A woman thought she made a love connection on an online gaming site, then he convinced her to invest her life savings in a fake opportunity.
Torchy Massie was courted by someone online who contacted her through the game Words with Friends.
“This gentleman, he asked me if I would play with him,” said Massie.
He said his name was Michael, and he was also widowed. After a year of messaging and talking on the phone, he brought up an investment opportunity.
“All I had was $35,000 and they were going to invest it in Bitcoin. When my husband was alive, he was interested in doing that,” said Massie. “And I'm thinking, well, when I die, I want to leave my kids some money and this is a good way to do it.”
She received statements showing her investment had grown to a small fortune. The statement, purportedly from a company called Corral Investments in the United Kingdom, claimed her initial investment had grown to $960,780.
However, the website listed on the statement — www.corralinvestments.com — now redirects to a page that shows the website domain is for sale.
“I had to come up with $17,000, I think, to get the money out of there. And to come up with that I didn't have the money. And when I talked to my friend, Carole, we were playing Words with Friends, she said, ‘Torchy, that's not how an investment works,’” Massie said.
Her friend quickly realized she’d been scammed, but Massie is still reluctant.
“He says that money is there, that he would help me get the money out. He said, ‘It's real, Torchy.’ He kept telling me that ‘No, it's real,’” said Massie.
Special Agent Sarah Lewis with the FBI Baltimore Field Office sees this often.
“Yeah, so it's one of the most challenging parts of my job. And I've really been working this last year to find ways to convince people and I'm not having a ton of success,” Lewis said.
She tries to help victims recognize the deception by showing them the “recipe” romance scammers follow. While the presentation may change, the ingredients stay the same.
“The person always claims to be overseas and that's one of the reasons why they can't meet you,” Lewis listed. “The scammer will usually try to get the victim off the dating site as fast as possible … usually, their profile will really mirror what yours says. And then, when you start communicating with them, it's very hot and heavy right off the bat. You know, they're emailing you, calling you, texting you constantly. There's a term for it called ‘love bombing.'”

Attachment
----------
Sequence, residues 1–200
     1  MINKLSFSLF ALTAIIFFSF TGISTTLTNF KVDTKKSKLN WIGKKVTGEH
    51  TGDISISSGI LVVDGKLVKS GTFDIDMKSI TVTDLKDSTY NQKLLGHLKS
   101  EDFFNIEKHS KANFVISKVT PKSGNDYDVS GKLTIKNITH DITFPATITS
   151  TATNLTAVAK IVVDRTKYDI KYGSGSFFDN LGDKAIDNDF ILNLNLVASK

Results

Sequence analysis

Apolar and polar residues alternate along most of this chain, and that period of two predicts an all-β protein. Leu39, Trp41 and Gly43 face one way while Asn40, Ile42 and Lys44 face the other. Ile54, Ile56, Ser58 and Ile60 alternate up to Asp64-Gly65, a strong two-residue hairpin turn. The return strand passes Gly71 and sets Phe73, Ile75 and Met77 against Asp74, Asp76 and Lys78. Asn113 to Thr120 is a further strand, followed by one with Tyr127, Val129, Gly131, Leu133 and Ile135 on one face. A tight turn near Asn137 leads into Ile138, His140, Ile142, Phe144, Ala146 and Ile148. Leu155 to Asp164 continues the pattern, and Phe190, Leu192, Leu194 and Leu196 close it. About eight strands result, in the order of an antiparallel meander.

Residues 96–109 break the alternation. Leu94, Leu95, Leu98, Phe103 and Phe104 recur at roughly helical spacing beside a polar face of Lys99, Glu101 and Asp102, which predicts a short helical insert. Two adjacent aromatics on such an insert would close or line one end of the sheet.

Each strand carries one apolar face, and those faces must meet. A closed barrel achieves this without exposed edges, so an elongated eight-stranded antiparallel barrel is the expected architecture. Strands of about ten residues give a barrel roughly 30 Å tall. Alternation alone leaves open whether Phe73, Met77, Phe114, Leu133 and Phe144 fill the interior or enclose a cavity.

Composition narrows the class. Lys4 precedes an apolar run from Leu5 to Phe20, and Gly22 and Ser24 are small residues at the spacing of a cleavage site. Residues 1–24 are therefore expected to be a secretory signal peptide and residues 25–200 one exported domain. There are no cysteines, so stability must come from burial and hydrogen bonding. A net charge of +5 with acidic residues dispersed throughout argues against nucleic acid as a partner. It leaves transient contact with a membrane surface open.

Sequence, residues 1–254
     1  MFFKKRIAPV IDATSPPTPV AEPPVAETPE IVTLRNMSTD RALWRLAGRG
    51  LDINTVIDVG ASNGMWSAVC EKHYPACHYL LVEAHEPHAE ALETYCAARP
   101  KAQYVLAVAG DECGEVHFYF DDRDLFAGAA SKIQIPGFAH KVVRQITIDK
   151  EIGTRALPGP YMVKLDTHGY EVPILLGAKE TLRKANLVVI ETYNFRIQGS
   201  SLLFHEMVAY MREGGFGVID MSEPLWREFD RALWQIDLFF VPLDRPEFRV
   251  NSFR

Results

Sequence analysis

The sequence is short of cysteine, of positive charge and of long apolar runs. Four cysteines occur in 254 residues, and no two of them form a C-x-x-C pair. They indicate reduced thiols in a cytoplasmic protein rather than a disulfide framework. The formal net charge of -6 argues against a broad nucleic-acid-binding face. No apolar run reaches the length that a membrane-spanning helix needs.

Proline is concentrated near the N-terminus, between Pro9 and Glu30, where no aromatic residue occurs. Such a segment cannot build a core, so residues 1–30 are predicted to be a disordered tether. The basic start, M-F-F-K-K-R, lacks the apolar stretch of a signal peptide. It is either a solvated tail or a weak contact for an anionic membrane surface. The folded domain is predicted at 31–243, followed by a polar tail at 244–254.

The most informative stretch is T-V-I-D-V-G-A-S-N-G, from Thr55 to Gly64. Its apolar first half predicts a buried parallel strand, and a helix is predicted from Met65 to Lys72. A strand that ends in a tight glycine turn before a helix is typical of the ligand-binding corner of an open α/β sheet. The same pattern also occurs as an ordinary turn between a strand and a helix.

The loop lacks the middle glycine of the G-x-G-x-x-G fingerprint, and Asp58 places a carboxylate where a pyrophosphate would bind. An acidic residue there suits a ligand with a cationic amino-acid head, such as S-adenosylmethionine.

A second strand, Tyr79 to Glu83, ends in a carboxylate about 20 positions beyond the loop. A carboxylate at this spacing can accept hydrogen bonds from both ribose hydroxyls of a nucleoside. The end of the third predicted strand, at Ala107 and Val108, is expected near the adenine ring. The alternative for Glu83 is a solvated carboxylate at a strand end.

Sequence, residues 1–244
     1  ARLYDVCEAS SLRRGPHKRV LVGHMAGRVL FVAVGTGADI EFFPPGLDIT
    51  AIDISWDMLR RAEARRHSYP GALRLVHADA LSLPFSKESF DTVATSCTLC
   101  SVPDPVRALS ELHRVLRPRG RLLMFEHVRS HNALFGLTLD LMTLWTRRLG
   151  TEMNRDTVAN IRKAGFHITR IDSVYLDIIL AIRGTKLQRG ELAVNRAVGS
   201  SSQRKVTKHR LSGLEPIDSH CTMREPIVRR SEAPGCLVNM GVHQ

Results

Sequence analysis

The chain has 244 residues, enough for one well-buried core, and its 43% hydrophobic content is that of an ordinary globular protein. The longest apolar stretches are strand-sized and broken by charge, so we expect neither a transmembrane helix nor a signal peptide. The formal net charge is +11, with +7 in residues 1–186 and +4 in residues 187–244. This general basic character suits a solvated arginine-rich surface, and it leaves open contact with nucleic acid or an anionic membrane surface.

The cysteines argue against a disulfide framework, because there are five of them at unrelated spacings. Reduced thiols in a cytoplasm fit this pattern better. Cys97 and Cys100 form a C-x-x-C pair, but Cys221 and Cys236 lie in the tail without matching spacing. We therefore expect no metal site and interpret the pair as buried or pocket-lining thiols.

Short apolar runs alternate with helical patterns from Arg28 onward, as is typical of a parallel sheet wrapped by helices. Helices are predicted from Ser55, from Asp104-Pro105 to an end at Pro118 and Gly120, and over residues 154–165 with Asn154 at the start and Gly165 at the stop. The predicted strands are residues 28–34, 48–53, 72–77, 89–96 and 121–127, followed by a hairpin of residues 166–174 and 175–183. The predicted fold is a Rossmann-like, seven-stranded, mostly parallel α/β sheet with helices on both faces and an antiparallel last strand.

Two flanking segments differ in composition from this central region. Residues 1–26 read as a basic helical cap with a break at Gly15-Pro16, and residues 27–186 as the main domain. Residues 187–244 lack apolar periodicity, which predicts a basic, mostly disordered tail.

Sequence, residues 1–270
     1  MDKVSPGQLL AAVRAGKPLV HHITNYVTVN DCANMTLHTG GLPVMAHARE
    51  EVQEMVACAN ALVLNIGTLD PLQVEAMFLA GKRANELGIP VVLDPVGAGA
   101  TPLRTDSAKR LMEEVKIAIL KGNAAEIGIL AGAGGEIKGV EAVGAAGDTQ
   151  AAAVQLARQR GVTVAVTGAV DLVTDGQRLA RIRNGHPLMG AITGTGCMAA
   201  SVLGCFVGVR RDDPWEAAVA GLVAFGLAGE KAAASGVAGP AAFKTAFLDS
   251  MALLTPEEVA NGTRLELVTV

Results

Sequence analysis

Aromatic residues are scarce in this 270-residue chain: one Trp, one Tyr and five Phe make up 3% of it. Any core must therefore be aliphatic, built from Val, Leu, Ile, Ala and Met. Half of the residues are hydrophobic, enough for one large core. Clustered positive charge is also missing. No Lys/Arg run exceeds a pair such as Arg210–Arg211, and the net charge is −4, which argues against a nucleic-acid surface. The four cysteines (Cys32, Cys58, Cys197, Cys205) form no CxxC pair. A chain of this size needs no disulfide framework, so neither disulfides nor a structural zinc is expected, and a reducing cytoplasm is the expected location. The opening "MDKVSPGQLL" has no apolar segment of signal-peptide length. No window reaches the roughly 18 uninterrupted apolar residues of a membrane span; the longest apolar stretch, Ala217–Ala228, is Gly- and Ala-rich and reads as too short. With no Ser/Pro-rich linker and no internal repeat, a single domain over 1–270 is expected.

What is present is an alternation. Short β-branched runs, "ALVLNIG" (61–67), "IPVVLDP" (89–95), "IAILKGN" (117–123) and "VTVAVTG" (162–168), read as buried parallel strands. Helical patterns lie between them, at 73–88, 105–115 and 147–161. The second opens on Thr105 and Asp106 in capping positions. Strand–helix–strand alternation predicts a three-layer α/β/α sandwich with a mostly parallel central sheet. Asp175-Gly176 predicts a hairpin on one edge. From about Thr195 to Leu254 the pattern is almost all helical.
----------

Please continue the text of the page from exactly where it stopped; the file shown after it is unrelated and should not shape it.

Michael said he was based in Turkey, and he convinced Massie to move their conversations from the gaming app to a messaging app called WhatsApp.
Michael wrote Massie every day, telling her that he wanted to marry her and buy a house with her in Maryland.
Lewis recommended researching admirers’ stories by googling their name and details they’ve shared, check if their photo is linked to other profiles, do a reverse google image search of photos they’ve sent and talk to friends and family about the new person in your life.
“If somebody has excuses why they can't meet you face-to-face, stop talking to that person. I mean, I wouldn't even say be hesitant, I would just say move on to someone else,” said Lewis.
And it’s important to recognize these signs early. In addition to Massie’s $35,000 investment, she also paid for medical treatments after Michael claimed his son had been in a terrible car accident.
“I’m a Christian, and I believe in helping people when they need help. And I didn't think after three or four years that this man was deceiving me, I believed everything he told me,” said Massie.
Special Agent Lewis added that victims who run out of money are sometimes manipulated into becoming money mules. Scammers have them open bank accounts, deposit money, and forward it elsewhere. This is a criminal offense in which the person goes from being a victim to being involved in the scheme.
Lewis wants anyone searching for love online to remember to never send money to someone they’ve never met — no gift cards, cryptocurrency or wire transfers. And she believes there needs to be more conversations about these scams to prevent your loved ones from experiencing this heartache that can be financially and emotionally devastating.
According to the FBI, losses for those 60 and over keep climbing. So far this year, the Internet Crime Complaint Center (IC3) received more than 3,800 reports of romance scams from victims 60 and over, totaling $211 million.
Last year, more than 7,000 victims 60 and over reported losing $419 million. This data only includes those who reported the crime to the FBI, and doesn’t include investment schemes.
Click here to file a report with the IC3.
The Federal Trade Commission is also tracking the impact of romance scams with more than 70,000 people reportedly losing $1.3 billion in 2022. The FTC looked closer at the lies these romance scammers told and compiled a list of the top fake narratives.
This story was originally published by Mallory Sofastaii at Scripps News Baltimore.
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